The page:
DENVER — In one poor school district in Colorado’s San Luis Valley,
students take classes in a bus garage, using plastic sheeting to keep
the diesel fumes at bay. In another, there is no more money to tutor
young immigrants struggling to read. And just south of Denver, a
district where one in four kindergartners is homeless has cut 10 staff
positions and is bracing for another cull.
For decades, schools like these have struggled to keep pace with their
bigger and wealthier neighbors. On Tuesday, Colorado will try to address
those problems with one of the most ambitious and sweeping education
overhauls in the country, asking voters to approve a $1 billion tax
increase in exchange for more school funding and an educator’s wish-list
The effort has touched off a fevered debate in a state that two decades
ago passed one of the nation’s strictest limits on taxes and spending.
It is emerging as the latest test of whether Democrats can persuade
voters to embrace higher taxes by tying them to school funding.
Outside money is pouring into the state. Mayor Michael R. Bloomberg
of New York, who spent hundreds of thousands of dollars to support gun
control here, has given $1 million to the school campaign, as have Bill and Melinda Gates,
whose foundation is one of the largest philanthropic organizations
involved in public education. Teachers’ unions have contributed at least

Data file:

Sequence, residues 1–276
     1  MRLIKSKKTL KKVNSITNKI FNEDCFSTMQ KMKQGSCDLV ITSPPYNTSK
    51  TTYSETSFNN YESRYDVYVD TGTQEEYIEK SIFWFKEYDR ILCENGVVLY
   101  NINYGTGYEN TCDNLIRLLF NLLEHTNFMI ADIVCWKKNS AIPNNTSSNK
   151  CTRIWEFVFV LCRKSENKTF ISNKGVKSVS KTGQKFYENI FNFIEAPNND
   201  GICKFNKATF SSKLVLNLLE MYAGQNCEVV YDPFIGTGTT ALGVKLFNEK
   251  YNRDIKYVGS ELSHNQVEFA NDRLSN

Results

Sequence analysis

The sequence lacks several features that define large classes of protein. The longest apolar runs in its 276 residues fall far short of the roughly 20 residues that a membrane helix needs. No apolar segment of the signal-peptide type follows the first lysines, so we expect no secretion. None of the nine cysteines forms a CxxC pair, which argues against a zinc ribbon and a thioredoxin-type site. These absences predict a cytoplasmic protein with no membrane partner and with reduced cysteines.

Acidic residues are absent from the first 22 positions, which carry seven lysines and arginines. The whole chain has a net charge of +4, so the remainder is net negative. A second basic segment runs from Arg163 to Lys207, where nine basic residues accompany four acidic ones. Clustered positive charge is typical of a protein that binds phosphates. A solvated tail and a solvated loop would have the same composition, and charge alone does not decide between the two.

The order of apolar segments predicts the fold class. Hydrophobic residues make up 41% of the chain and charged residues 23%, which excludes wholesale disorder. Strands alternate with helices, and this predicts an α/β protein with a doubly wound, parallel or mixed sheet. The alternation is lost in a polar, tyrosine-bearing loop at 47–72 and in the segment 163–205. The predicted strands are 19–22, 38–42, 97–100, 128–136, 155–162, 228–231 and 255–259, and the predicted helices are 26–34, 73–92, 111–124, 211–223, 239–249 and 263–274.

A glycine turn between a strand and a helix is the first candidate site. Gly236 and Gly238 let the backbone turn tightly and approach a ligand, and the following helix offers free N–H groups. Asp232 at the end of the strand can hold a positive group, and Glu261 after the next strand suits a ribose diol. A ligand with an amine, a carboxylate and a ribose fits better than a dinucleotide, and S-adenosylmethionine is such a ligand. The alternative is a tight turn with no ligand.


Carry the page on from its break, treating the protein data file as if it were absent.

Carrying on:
$4 million, and other pro-labor groups have given thousands.
The referendum will ask voters to replace the current flat state income
tax rate of 4.6 percent with a two-tier system. Residents with taxable
incomes below $75,000 would pay 5 percent; taxable incomes above $75,000
would be taxed at 5.9 percent. “Big Change. Small Price,” declare commercials supporting the measure, known as Amendment 66.
The amendment would also require the state to direct 43 percent of its
budget to schools, ending the current system of tying increases to the
rate of inflation.
Supporters say the measure would provide enough money to revolutionize
education for a generation. Opponents, which include anti-tax groups and
Republican politicians, say it would raise taxes on struggling families
and businesses with no guarantee of a better education.
“It’s a very hard sell,” conceded Gov. John W. Hickenlooper, a Democrat and the measure’s highest-profile advocate.
In 2010, Colorado spent about $9,306 per student, among the bottom 10
states in the country, according to data compiled by Education Week.
Over all, the publication ranked the state’s education system slightly
behind the national average.
Amendment 66 would make full-day kindergarten standard across the state.
It would set aside more money for students who do not speak English,
have learning disabilities or come from poor families. It would send
more money toward charter schools,
as well as districts in poorer areas that cannot easily raise property
taxes to buy computers or raise teacher salaries. The measure would also
let people go online to track how schools spend every dollar.
“Total transparency, school by school,” Mr. Hickenlooper said. “No state’s ever done that.”
The prospect of more money for all has united two usually warring
factions, teachers’ unions and the charter school movement. But most
business groups have either stayed on the sidelines or expressed worry
about the effects of a tax increase on small businesses and job